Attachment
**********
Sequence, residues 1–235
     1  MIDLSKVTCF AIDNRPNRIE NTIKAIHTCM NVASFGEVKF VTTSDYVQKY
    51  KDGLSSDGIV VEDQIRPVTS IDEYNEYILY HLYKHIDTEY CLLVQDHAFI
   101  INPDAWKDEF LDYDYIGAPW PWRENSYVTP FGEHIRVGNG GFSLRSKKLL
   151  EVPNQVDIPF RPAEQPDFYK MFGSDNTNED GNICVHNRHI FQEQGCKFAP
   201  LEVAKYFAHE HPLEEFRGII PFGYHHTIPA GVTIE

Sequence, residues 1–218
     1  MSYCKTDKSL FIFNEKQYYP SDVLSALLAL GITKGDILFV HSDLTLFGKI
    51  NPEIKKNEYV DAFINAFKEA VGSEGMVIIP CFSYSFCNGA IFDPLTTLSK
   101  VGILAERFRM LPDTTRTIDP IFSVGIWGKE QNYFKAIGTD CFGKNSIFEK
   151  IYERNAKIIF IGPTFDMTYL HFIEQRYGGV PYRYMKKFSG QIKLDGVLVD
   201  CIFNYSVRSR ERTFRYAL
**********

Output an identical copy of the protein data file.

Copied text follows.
Sequence, residues 1–235
     1  MIDLSKVTCF AIDNRPNRIE NTIKAIHTCM NVASFGEVKF VTTSDYVQKY
    51  KDGLSSDGIV VEDQIRPVTS IDEYNEYILY HLYKHIDTEY CLLVQDHAFI
   101  INPDAWKDEF LDYDYIGAPW PWRENSYVTP FGEHIRVGNG GFSLRSKKLL
   151  EVPNQVDIPF RPAEQPDFYK MFGSDNTNED GNICVHNRHI FQEQGCKFAP
   201  LEVAKYFAHE HPLEEFRGII PFGYHHTIPA GVTIE

Sequence, residues 1–218
     1  MSYCKTDKSL FIFNEKQYYP SDVLSALLAL GITKGDILFV HSDLTLFGKI
    51  NPEIKKNEYV DAFINAFKEA VGSEGMVIIP CFSYSFCNGA IFDPLTTLSK
   101  VGILAERFRM LPDTTRTIDP IFSVGIWGKE QNYFKAIGTD CFGKNSIFEK
   151  IYERNAKIIF IGPTFDMTYL HFIEQRYGGV PYRYMKKFSG QIKLDGVLVD
   201  CIFNYSVRSR ERTFRYAL